Lisa Gibes is 50CAN’s vice president of strategy and external relations. She lives in San Francisco, CA.

Here are news and opinion stories educators, advocates, policy wonks and makers are talking about today:

News & analysis:
Seattle Teachers Approve Contract, Avert Strike

With a show of hands last night, Seattle teachers voted to approve a new two-year contract, ending the possibility of a strike and ensuring that students returned to school on time today. (Education Week – Teacher Beat) 

Students Are Returning to School. After More Than a Decade of Reform, How Have Schools Changed?
American students returning to public schools this year are part of a distinguished class. For the first time, the Department of Education projects total enrollment in America’s public schools will exceed 50 million students. Since 2005, the United States has added over a million students to its rolls. Over the same time period, our public schools also have recorded some impressive gains in student achievement. (DFER) 

Common Core can reduce teacher bashing
For many years, my son Ted has been principal of the elementary grades of a K–12 public charter school in Massachusetts. It uses the Core Knowledge Sequence (a grade-by-grade outline of essential content) as a primary tool for developing its curriculum. His school ranks in the top-performing group of schools in the nation’s top-performing state. Needless to say, the school has long followed the rightly admired Massachusetts standards. Indeed, the Massachusetts standards are so good that some of the most vocal opponents of CCSS are claiming that the Common Core State Standards will represent a watering down. But Ted’s school justifies a very different inference. (Education Gadfly – Common Core Watch)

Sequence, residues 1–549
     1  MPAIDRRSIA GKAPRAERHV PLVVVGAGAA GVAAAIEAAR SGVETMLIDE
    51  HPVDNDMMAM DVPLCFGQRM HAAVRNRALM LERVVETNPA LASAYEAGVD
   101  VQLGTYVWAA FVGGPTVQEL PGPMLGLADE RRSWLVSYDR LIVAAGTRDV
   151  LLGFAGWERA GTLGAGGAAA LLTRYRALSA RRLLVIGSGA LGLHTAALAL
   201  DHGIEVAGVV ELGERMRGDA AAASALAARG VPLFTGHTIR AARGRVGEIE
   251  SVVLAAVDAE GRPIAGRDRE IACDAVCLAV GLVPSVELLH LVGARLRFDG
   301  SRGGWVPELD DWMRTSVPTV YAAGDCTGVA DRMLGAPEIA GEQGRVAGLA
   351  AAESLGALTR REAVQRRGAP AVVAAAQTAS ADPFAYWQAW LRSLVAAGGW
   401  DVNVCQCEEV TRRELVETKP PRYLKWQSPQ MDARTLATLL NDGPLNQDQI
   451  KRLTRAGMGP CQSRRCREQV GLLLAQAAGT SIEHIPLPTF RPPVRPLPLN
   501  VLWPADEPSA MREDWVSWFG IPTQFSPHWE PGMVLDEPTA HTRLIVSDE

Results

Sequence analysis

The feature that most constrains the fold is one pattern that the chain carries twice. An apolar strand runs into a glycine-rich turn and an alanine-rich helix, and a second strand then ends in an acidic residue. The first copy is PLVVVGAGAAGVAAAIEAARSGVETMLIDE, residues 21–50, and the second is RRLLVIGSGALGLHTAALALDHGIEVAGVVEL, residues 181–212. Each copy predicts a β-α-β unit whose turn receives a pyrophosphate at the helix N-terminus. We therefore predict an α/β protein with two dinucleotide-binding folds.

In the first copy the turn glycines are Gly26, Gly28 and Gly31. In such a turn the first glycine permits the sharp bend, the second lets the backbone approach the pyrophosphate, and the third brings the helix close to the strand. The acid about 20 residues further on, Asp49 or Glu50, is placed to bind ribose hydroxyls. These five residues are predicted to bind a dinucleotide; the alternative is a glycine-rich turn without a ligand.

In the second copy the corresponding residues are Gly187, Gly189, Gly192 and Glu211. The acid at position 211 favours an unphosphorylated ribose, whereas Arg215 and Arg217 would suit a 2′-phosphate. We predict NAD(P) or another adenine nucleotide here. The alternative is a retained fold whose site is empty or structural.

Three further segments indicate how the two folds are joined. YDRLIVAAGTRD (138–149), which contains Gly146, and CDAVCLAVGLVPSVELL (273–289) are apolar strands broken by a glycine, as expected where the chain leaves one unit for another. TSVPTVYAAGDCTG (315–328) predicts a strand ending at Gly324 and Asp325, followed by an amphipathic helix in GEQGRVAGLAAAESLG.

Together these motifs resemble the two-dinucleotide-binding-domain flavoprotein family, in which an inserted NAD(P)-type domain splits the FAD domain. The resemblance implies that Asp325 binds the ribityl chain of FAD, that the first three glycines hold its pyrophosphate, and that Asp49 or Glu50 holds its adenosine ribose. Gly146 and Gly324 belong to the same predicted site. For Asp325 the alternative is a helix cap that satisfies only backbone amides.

Four Questions About Common-Core Implementation
With the Common Core push in full swing, a bunch of intriguing issues are about to start cropping up. While much popular press coverage has justifiably focused on the political debates, and the trade press (especially Ed Week’s invaluable Catherine Gewertz) has considered what this all means for instructional practice in schools, some crucial but less visible rubber-meets-road questions have pretty much gotten lost. Here are four big implementation questions that haven’t yet gotten much attention in state and local papers, and that would benefit from a serious look. (Education Week – Rick Hess Straight Up) 

States May Move Closer to Uniform Way of Identifying ELLs
The widespread adoption of the common-core standards and the imminent rollout of shared content assessments is pushing states to find common ground in yet another dimension of schooling: how best to serve the growing population of English-language learners. (Education Week) 

New York:
New standards for nationally accredited teachers of teachers

The bar for teacher preparation programs seeking national accreditation just got higher. Last week, the Council for the Accreditation of Educator Preparation adopted new, more rigorous standards, which teacher preparation programs must meet to keep (or earn) their national accreditation. (NYCAN) 


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